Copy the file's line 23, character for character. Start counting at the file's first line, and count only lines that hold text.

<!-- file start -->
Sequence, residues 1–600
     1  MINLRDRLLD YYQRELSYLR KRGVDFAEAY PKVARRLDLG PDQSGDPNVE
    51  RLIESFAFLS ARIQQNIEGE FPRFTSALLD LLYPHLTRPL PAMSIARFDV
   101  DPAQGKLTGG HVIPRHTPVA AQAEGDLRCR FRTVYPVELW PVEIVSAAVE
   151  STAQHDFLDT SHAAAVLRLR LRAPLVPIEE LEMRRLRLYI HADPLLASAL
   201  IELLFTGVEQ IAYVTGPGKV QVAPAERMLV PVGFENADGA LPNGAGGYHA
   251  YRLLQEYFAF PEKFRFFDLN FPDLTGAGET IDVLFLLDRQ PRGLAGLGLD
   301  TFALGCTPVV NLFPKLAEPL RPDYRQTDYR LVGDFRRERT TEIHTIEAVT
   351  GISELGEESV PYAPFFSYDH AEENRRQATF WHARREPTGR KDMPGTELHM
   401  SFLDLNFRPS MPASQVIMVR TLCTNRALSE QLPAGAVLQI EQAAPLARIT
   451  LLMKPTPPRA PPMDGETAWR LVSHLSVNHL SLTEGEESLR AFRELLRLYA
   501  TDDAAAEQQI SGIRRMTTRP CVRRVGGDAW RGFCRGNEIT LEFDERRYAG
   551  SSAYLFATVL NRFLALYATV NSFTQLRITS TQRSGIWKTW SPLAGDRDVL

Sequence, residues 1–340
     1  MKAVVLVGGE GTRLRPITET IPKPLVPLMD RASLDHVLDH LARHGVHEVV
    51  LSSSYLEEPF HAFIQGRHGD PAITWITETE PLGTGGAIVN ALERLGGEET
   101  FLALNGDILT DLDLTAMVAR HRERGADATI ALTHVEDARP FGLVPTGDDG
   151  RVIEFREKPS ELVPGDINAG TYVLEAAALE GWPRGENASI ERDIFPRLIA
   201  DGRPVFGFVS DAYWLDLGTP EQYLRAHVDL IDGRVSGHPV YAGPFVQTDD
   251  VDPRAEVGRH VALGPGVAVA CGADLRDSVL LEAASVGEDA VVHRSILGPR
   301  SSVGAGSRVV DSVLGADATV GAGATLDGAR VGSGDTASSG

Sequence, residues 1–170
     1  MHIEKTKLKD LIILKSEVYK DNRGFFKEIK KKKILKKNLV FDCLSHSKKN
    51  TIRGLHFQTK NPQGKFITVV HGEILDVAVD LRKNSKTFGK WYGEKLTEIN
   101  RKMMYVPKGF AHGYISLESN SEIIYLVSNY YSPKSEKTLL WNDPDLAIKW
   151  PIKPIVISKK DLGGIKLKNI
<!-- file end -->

     1  MHIEKTKLKD LIILKSEVYK DNRGFFKEIK KKKILKKNLV FDCLSHSKKN